Raising Really Good Seedlings

corn seedlings growing in toliet rolls

Really good seedlings are an important part of an abundant garden. If your seedlings are strong and healthy, the grown ups will be too. It takes a bit of dedication to pull off, but its so wonderful to watch seeds curl up out of the soil and to grow robust little guys. You wont mind the chore of it, one little bit. Infact, prepare to fall in love. It all begins with a good set up.

A good setup

A seed propogator is awesome for warming and protecting seedlings

Seed raising needs a toasty, sunny spot that’s secure from birds, rats, mice, slugs, dogs, cats and curious children (in other words in heaven 🙂 ). Seed propagators, like the one in the photo above, tick all these boxes, plus they’re easily mobile in the event you need to drive them over to your besties place when you go away. Or just take them with you – seeds and seedlings are babies, right, they need daily, attention. It’s great to raise your seeds handy to a hose, or if not, have a small watering can with an upward facing rose on stand by. Go the extra mile and leave water in it to keep it ambient for your babies.

Stock your seed raising place with small, shallow trays (small seed) and 6 cell plug trays (larger seed) and a selection of small pots for moving the newly sprouted seedlings into.

Make a stash of labels by cutting plastic into strips, or give your old labels a scrub with a wet steelo. A waterproof pen, for obvious reasons, a teaspoon for pricking seedlings out and seed raising mix completes your kit.

And lucky last – go through your seed stocks. Make sure you have enough of all your favourites and remember to get plenty of greencrops and companion flowers. Its so hard not to go over board seed shopping!, but it helps to know that seed has a used by date. If you cannot swap or share with friends then be careful or you’ll end up tossing alot out. Storage makes all the difference. Keep them somewhere dry, dark and at a steady temp – extremes of hot and cold impact, as does the damp.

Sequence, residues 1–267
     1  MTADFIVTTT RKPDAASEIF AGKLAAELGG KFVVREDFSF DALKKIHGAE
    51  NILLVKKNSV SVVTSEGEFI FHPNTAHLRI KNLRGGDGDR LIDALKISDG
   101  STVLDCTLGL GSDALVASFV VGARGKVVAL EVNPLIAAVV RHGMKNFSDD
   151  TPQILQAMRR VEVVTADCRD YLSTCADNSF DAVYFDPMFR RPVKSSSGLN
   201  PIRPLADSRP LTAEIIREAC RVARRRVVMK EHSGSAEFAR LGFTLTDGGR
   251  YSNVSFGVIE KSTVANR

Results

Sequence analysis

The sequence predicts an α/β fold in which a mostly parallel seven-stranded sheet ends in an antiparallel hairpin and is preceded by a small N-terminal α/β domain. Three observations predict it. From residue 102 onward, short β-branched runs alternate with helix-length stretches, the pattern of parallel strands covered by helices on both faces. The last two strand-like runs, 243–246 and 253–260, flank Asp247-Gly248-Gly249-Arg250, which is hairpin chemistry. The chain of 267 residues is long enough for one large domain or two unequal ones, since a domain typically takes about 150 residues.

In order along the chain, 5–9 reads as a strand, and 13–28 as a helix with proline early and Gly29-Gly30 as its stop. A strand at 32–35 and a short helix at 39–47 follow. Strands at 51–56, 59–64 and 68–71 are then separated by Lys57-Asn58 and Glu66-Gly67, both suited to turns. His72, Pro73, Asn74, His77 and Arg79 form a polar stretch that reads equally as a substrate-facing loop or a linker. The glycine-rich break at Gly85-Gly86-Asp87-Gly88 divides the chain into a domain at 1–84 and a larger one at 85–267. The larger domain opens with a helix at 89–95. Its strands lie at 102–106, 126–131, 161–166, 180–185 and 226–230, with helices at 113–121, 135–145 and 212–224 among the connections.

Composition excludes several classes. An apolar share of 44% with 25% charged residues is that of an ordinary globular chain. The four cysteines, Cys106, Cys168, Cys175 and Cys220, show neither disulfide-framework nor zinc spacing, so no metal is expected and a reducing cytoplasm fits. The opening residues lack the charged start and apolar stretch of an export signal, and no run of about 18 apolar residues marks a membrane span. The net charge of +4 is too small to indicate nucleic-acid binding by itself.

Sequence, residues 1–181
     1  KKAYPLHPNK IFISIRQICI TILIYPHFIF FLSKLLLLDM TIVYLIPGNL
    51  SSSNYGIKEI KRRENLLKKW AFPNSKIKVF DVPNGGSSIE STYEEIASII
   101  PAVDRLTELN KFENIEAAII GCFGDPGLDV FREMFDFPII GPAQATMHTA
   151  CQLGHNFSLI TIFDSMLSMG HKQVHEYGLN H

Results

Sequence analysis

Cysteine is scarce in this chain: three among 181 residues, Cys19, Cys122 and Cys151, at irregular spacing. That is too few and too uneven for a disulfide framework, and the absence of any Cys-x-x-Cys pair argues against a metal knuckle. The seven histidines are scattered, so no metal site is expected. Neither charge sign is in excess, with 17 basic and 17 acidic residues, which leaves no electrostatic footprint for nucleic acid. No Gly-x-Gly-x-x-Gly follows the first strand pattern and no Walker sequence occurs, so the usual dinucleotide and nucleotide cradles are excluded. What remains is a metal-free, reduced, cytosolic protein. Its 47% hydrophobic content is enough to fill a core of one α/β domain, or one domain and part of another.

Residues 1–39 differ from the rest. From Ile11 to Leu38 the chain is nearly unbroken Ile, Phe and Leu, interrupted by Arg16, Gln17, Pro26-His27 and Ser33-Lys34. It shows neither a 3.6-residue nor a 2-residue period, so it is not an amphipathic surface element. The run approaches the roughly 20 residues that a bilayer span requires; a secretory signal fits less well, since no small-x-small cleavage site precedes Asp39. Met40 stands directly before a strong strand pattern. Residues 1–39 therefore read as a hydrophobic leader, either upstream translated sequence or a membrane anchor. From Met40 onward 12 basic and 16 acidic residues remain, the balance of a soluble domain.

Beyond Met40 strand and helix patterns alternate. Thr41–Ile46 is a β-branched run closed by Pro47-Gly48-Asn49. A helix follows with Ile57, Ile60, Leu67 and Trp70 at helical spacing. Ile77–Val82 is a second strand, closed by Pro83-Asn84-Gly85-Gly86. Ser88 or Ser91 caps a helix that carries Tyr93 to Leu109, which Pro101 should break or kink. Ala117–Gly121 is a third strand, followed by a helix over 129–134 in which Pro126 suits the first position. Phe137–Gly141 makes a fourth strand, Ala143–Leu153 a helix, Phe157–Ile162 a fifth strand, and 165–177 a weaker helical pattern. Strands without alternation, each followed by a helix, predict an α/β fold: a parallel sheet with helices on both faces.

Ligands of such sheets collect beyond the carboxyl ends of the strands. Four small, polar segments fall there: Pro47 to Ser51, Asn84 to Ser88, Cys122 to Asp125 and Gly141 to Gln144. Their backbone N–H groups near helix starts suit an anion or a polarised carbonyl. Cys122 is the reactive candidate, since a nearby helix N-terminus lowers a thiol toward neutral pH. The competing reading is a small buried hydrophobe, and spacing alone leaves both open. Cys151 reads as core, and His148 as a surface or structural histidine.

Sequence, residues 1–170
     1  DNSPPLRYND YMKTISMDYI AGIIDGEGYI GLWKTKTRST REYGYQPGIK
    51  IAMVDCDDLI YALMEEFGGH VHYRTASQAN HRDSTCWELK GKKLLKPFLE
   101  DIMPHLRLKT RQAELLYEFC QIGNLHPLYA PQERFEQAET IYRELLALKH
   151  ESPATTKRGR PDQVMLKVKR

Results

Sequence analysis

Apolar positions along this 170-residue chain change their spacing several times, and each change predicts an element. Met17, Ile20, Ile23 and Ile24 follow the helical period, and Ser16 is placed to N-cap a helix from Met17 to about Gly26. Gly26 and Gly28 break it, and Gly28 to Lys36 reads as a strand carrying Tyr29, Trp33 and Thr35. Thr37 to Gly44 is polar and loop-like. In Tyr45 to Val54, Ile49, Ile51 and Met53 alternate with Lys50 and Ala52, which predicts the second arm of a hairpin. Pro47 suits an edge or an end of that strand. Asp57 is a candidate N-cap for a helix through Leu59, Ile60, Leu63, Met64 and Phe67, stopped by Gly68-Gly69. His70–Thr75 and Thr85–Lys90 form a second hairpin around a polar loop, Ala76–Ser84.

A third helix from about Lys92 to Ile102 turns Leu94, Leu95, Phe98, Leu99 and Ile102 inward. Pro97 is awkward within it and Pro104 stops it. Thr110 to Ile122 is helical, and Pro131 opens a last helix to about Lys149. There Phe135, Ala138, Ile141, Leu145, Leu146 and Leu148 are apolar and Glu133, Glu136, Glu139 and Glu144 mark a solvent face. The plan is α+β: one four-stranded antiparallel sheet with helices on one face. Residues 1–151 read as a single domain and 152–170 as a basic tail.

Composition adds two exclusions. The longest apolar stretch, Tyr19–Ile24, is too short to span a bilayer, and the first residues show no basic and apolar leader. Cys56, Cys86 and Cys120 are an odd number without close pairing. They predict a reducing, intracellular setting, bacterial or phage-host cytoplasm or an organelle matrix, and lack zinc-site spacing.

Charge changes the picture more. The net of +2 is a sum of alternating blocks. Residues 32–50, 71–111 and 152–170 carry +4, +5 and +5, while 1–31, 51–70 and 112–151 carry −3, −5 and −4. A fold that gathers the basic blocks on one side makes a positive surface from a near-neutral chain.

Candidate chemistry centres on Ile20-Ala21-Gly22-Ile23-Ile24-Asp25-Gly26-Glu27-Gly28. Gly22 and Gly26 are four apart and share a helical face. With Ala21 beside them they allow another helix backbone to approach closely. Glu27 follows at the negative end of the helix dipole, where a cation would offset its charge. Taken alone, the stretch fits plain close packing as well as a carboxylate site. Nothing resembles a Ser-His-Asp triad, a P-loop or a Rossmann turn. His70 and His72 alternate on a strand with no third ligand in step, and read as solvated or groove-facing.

Longevity of seed differs from crop to crop – some, like tomatoes, last for years and years, but others like parsnip, start to loose viability after only a year. Its useful to buy seed with the date stamped on it, and to date your home saved seed. Find out if your old seed is viable by chitting it.

Seedtray prep

Bottom watering - these pots are sitting in water wicking the moisture up
Bottom watering gets water right to the bottom of the pot

Fill your tray with seed mix, pat it down firmly, then water until its barely moist. I like to bottom water. Sit the tray in enough water so it comes about a third of the way up the tray/ pots. As soon as the water darkens the soil on top, whip them out. You want it damp, not saturated. Sit them on the bench to drain.

Next is perhaps one of the most important steps – be sure the seed raising mix has reached the ideal temperature for the seed you are sowing. Warm/ hot season crops will need somewhere in the range of 15°C – 25°C soil in order to sprout. Here’s a useful guide. This means sitting your trays/ pots on a heat pad, under a cloche, in a propagater (like above) or under an old window – somewhere toasty in other words, until the perfect temperature is reached. Once it has, you are ready set to sow.

Seed sowing

Seed sown thickly, ready to be pricked on
These lettuce seedlings are ready to prick on into cell trays. Poor germination, in rows 3 + 4, is old seed.

If you use small trays and sow thickly you’ll make your seed raising mix go a lot further and it helps to not sow too many seeds! Home gardens thrive on little and often sowing – small, shallow containers fit the bill. It doesn’t matter that the seeds come up like a thicket. Stage 2 follows hot on the heels of the thicket stage – moving them into a container that’s a little bigger than the one they came from.

As a good general rule, sow seed to a depth of twice its width.

  • For fine seed (eg lettuce) sprinkle it on top of the firmed down seed mix, and lightly sprinkle seed mix on top. Lettuce and celery need a bit of light to germinate so cover sparsely, then lightly pat the top down.
  • Do the same for middle sized seed (eg cabbage) only spread a little more seed mix on top. Firm down.